What if you could instantly transport yourself from one place to another? Instead of circling the same old neighborhood, you could walk the streets of Shanghai, China. Instead of eating the same old takeout for dinner, you could dine in Paris, France. You could even visit the moon or the rings of Saturn.
Science fiction characters have been using teleportation to get around for decades. But of course, that’s just made up … or is it?
Teleportation is very real. But it’s not the kind that appears in science fiction. Real-life teleportation uses the principles of quantum physics, a set of rules that describe the strange behavior of photons, electrons, and other minuscule particles that make up the universe. In the quantum world, the regular rules of the universe don’t apply: Bits of matter can bop in and out of existence. Particles act sometimes like solid clumps and other times like waves.
One of the strangest phenomena in the quantum world is called quantum entanglement. When two particles are “entangled,” it doesn’t mean that they’re twisted around one another. Instead, it means that the actions of one affect the actions of the other.
In the lab, scientists have learned how to entangle two particles, then deliberately change one of them. When they do, the other particle will instantly change, too—even if the two particles are far apart. In 2017, Chinese scientists used this principle to “teleport” information from one particle on Earth to another on a satellite in space.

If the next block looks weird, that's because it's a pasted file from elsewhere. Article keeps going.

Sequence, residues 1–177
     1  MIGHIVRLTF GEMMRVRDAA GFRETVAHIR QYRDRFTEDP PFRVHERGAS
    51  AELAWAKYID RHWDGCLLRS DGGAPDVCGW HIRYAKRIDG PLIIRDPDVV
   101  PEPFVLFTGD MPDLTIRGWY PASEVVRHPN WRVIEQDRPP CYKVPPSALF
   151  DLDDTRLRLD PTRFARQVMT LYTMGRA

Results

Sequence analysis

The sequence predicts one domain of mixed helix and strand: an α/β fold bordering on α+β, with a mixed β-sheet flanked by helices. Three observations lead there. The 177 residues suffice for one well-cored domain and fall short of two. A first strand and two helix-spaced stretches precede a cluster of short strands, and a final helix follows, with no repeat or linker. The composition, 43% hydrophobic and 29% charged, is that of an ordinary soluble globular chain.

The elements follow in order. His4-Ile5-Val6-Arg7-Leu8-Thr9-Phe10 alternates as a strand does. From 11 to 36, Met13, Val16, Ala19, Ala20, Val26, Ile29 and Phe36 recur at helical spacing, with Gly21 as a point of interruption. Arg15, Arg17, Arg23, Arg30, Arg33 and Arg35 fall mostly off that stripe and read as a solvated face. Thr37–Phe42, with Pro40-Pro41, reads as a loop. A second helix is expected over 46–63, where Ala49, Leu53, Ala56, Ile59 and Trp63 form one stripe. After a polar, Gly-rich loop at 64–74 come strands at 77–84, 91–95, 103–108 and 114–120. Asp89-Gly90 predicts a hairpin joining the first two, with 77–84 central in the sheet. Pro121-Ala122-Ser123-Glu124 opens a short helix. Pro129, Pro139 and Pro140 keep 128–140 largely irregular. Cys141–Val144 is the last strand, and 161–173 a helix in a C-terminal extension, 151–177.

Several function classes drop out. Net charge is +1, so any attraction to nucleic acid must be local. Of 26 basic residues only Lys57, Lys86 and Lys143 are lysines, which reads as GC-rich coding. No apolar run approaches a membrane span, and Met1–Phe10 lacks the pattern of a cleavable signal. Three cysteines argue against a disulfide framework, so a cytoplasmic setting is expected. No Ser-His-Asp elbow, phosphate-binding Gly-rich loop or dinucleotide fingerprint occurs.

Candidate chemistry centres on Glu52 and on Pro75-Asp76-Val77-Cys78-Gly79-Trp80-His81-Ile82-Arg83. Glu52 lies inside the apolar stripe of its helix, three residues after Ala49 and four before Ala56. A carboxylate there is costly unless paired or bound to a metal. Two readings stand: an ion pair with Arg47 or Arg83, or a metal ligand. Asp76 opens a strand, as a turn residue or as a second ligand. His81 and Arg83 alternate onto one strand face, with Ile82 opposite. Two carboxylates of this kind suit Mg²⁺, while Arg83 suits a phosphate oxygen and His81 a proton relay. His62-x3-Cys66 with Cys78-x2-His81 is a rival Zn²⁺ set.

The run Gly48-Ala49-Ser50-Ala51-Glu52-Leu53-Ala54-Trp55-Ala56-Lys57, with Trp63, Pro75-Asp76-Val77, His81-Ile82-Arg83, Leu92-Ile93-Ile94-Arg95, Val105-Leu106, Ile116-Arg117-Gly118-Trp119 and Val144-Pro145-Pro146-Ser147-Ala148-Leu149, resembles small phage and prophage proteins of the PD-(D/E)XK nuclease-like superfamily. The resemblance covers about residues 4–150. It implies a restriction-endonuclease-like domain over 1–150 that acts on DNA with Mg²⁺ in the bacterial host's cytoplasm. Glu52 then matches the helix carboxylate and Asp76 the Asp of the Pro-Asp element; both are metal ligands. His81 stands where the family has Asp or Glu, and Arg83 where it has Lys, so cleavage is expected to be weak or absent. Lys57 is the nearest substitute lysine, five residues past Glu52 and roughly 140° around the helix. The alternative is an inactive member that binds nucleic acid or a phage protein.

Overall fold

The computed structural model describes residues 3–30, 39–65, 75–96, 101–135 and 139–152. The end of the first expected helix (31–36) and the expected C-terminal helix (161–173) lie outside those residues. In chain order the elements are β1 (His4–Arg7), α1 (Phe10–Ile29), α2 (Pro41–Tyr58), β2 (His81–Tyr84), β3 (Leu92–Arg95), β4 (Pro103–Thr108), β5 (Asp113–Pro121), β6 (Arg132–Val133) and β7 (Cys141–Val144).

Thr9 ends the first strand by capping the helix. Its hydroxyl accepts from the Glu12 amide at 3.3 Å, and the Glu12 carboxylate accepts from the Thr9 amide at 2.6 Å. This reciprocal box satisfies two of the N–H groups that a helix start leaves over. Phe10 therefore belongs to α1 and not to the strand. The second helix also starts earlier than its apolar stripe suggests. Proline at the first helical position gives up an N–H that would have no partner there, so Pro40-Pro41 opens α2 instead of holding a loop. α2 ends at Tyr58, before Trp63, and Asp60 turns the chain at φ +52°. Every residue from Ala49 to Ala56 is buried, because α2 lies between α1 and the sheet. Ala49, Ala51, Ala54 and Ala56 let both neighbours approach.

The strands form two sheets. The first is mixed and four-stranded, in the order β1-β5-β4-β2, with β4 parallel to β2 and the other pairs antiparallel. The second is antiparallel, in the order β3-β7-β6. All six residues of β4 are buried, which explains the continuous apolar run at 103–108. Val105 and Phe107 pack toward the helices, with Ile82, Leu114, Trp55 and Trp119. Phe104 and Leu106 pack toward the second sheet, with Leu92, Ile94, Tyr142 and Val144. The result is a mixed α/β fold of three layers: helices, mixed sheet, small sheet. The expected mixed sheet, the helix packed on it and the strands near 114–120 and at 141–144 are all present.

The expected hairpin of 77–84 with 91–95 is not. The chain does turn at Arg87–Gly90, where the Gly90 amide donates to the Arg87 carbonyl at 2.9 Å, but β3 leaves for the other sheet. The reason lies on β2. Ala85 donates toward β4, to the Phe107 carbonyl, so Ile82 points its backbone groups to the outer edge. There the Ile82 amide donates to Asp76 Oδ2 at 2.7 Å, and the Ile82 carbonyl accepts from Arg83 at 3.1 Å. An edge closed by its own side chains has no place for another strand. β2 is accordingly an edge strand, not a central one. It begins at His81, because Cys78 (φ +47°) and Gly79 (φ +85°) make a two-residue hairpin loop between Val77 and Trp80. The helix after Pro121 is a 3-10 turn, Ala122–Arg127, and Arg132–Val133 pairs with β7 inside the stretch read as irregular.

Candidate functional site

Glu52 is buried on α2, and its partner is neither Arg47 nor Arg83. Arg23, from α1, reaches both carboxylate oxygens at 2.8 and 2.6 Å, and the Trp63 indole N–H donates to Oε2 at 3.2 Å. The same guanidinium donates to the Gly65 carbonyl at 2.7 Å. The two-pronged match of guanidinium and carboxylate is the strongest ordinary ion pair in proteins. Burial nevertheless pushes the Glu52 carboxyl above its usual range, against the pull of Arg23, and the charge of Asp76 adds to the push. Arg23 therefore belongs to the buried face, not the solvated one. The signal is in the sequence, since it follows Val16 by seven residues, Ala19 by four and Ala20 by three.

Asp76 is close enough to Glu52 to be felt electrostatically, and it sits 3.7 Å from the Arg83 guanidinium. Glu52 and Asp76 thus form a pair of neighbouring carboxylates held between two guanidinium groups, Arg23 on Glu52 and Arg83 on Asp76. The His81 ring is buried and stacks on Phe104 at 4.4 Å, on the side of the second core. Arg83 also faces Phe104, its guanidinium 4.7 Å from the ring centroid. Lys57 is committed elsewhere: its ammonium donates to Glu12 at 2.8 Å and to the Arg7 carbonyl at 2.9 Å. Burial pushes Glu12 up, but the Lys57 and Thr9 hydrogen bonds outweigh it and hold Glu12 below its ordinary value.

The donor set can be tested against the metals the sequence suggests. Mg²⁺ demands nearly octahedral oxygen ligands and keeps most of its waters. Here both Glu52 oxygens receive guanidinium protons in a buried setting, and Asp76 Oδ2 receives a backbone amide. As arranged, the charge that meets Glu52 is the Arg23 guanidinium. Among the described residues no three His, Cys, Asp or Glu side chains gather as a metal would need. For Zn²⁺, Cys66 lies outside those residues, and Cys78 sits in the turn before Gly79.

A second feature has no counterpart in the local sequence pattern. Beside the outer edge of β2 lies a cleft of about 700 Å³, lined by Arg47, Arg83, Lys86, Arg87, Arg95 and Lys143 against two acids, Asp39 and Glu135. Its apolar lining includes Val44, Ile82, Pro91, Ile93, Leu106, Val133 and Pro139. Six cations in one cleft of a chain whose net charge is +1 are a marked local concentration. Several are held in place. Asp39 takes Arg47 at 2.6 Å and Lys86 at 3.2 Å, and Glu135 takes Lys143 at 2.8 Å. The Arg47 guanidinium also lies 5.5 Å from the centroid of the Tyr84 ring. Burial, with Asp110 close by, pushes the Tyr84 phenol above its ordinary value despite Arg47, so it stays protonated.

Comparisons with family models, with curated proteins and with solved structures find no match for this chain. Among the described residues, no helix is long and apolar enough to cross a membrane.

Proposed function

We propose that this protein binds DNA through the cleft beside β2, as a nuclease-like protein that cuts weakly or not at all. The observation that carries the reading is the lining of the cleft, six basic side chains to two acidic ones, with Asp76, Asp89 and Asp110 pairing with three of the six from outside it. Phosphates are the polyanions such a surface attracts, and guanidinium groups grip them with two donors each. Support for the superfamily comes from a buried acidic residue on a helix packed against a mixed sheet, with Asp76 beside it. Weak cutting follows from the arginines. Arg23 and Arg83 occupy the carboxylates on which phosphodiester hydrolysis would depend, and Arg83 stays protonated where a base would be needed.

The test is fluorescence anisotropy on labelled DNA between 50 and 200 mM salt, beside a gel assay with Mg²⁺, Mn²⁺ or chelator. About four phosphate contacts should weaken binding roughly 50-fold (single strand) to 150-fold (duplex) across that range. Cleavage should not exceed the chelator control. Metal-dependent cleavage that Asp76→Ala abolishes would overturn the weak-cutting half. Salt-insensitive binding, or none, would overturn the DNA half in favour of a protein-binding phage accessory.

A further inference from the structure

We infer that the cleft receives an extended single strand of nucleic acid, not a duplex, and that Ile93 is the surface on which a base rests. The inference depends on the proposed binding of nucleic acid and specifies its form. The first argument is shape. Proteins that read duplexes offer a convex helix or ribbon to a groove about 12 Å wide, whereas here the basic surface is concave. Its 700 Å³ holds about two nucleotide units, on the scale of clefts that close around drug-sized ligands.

The Chinese experiment might seem nothing like teleportation. But consider this: It means information was transmitted faster than the speed of light, thought to be the speed limit of the universe. In quantum teleportation, a bit of information goes from one particle to another without physically passing between them. It moves in an instant, without traveling.
Of course, there’s a big difference between sending a chunk of information hopping from one spot to another and sending a human being. In theory, it could be possible to analyze the state of every atom in a person’s body and transmit it to a new location, where the person could be reassembled atom by atom.
But the human body contains around seven billion billion billion atoms. We have nowhere near the processing power to handle all that data. Yet some scientists believe that nothing in the laws of physics says human teleportation is impossible. Maybe we just have to wait for the future to unlock this transportation riddle.
Where would you go if you could teleport?
Excerpted from Nat Geo Kids’ Ultimate Book of the Future by Stephanie Warren Drimmer